This, combined with some code reusability issues and the fact that AngularJS was no longer being actively developed, made me look into possibly rewriting the whole application.

Why we chose React

The decision to use React over other modern frameworks like Vue and Angular was an easy one.

  • React’s Virtual DOM would solve the performance issues we previously had. It achieves this by keeping track of changes and updating only the necessary parts of the DOM that changed without rebuilding the entire DOM.
  • Its Component structure would allow us to re-use and share components across our codebase. These components reflect a particular part of the user-interface, which would be shared across multiple pages.
  • Styled-components solve so many CSS problems I’ve experienced personally. How many times have you had to fix a CSS bug that was a caused as a result of classes overwriting each other?
  • React Native would help us write business logic once and reuse it for both mobile and web.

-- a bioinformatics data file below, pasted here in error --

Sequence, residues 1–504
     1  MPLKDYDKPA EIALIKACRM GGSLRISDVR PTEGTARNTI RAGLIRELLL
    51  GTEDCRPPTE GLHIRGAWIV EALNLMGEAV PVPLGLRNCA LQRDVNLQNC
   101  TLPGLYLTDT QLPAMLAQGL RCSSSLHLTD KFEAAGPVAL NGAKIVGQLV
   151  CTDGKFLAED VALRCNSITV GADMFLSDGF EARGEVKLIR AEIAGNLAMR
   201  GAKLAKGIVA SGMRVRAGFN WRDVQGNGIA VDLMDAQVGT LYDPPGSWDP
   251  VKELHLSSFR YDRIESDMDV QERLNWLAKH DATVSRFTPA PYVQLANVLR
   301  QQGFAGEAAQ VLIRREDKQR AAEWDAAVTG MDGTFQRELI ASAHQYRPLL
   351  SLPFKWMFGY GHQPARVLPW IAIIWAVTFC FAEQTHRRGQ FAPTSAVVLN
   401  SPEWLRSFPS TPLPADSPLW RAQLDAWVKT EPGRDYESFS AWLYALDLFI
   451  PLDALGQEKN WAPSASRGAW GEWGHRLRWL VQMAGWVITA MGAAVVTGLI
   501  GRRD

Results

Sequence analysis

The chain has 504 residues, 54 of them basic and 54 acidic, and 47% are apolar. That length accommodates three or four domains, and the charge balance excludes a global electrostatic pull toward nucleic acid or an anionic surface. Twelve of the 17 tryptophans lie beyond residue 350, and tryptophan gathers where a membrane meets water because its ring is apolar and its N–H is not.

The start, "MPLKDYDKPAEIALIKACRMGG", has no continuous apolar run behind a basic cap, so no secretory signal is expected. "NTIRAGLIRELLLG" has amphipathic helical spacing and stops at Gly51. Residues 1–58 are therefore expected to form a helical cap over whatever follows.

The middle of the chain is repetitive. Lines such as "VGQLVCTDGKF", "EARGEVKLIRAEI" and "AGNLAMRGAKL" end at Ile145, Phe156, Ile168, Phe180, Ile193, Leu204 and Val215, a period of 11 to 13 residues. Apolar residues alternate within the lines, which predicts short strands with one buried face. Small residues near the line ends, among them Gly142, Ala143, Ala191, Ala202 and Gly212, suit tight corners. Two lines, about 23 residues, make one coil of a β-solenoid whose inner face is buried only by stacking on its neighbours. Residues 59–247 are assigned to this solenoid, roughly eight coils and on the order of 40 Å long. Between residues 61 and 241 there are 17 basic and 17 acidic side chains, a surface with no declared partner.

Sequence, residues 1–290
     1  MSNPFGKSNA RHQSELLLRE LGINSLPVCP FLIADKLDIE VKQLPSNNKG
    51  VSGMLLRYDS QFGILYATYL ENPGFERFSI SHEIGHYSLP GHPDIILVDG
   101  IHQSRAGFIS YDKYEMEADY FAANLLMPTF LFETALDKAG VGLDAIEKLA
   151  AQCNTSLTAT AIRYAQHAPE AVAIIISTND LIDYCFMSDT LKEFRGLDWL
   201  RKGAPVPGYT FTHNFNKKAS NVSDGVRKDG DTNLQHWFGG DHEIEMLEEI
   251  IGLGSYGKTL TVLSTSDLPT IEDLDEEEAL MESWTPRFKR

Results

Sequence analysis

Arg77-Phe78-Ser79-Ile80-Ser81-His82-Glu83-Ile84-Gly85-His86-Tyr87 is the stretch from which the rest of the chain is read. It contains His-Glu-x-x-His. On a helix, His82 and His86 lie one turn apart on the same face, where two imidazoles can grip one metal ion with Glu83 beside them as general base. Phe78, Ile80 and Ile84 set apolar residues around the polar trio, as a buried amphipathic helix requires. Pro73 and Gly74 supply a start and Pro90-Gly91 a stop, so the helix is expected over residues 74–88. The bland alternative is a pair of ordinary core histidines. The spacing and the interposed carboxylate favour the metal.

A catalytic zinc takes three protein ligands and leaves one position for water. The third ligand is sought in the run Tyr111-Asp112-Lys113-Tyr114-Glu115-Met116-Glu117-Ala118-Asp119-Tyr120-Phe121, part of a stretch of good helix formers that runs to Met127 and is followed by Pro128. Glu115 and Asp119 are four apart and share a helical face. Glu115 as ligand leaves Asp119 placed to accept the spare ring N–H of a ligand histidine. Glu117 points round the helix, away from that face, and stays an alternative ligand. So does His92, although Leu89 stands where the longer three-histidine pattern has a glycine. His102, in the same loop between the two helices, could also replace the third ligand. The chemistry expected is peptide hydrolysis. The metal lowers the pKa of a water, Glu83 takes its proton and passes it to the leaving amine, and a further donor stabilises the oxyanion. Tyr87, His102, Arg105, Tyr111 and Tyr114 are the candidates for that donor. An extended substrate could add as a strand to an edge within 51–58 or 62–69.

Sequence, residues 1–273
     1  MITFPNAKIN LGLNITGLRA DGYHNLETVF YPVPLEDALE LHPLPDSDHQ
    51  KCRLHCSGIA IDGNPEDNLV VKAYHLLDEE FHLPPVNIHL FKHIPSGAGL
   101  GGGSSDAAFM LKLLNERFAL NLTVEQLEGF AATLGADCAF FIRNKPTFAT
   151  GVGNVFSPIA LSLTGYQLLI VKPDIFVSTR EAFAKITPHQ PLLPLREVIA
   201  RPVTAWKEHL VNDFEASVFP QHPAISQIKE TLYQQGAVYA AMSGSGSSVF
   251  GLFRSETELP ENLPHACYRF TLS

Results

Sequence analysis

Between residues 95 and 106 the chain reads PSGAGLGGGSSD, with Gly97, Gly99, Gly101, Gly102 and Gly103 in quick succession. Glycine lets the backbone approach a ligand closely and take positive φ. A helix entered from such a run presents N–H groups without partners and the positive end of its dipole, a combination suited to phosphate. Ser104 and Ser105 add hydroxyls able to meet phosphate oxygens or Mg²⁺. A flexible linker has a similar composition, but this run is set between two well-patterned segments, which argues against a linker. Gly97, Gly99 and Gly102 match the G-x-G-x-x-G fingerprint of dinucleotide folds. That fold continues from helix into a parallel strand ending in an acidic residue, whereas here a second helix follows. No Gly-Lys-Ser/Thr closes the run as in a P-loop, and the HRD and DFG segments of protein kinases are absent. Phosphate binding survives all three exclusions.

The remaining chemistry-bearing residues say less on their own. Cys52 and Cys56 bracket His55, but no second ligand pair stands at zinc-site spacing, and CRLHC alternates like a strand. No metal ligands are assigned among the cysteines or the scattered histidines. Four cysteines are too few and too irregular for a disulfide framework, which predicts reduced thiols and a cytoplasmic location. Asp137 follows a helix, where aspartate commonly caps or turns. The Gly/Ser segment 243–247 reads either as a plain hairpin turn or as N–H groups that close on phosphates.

How we migrated

The obvious solution to migrate to React would be a complete rewrite. However, we’re a fast moving startup and couldn’t afford to stop delivering features to our customers while we rewrite everything. Instead we decided on a progressive migration strategy, where new features would be written in React and existing features would be gradually replaced over time.

In the paragraphs below, I’ll describe the steps we took to migrate our application from AngularJS to React.

Step 1: From Gulp to Webpack

First we had to remove Gulp to start using Webpack, which integrates nicely with React. Run the following command to install Webpack.

npm install webpack webpack-cli webpack-dev-server — save-dev

Webpack requires a file (or files) to be defined as entry point. These files should require/import all the app’s dependencies and files needed to run the application. To do this, we created five files: